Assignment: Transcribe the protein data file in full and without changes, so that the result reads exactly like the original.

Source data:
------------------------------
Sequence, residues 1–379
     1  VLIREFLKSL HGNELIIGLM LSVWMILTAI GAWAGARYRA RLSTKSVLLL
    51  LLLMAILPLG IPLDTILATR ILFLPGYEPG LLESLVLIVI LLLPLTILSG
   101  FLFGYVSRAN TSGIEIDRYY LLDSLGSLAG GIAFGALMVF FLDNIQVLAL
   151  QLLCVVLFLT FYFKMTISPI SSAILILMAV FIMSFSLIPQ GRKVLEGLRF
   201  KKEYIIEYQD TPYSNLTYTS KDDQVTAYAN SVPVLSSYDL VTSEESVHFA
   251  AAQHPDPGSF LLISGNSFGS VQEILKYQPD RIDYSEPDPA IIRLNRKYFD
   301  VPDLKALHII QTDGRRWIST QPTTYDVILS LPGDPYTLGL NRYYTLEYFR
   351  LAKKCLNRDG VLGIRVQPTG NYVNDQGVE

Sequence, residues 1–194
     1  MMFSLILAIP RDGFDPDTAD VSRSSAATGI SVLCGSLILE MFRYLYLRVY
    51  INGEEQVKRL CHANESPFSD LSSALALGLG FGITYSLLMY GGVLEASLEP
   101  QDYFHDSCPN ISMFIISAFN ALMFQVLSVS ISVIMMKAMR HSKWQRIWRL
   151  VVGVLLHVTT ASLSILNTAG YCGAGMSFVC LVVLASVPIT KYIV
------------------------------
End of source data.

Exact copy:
Sequence, residues 1–379
     1  VLIREFLKSL HGNELIIGLM LSVWMILTAI GAWAGARYRA RLSTKSVLLL
    51  LLLMAILPLG IPLDTILATR ILFLPGYEPG LLESLVLIVI LLLPLTILSG
   101  FLFGYVSRAN TSGIEIDRYY LLDSLGSLAG GIAFGALMVF FLDNIQVLAL
   151  QLLCVVLFLT FYFKMTISPI SSAILILMAV FIMSFSLIPQ GRKVLEGLRF
   201  KKEYIIEYQD TPYSNLTYTS KDDQVTAYAN SVPVLSSYDL VTSEESVHFA
   251  AAQHPDPGSF LLISGNSFGS VQEILKYQPD RIDYSEPDPA IIRLNRKYFD
   301  VPDLKALHII QTDGRRWIST QPTTYDVILS LPGDPYTLGL NRYYTLEYFR
   351  LAKKCLNRDG VLGIRVQPTG NYVNDQGVE

Sequence, residues 1–194
     1  MMFSLILAIP RDGFDPDTAD VSRSSAATGI SVLCGSLILE MFRYLYLRVY
    51  INGEEQVKRL CHANESPFSD LSSALALGLG FGITYSLLMY GGVLEASLEP
   101  QDYFHDSCPN ISMFIISAFN ALMFQVLSVS ISVIMMKAMR HSKWQRIWRL
   151  VVGVLLHVTT ASLSILNTAG YCGAGMSFVC LVVLASVPIT KYIV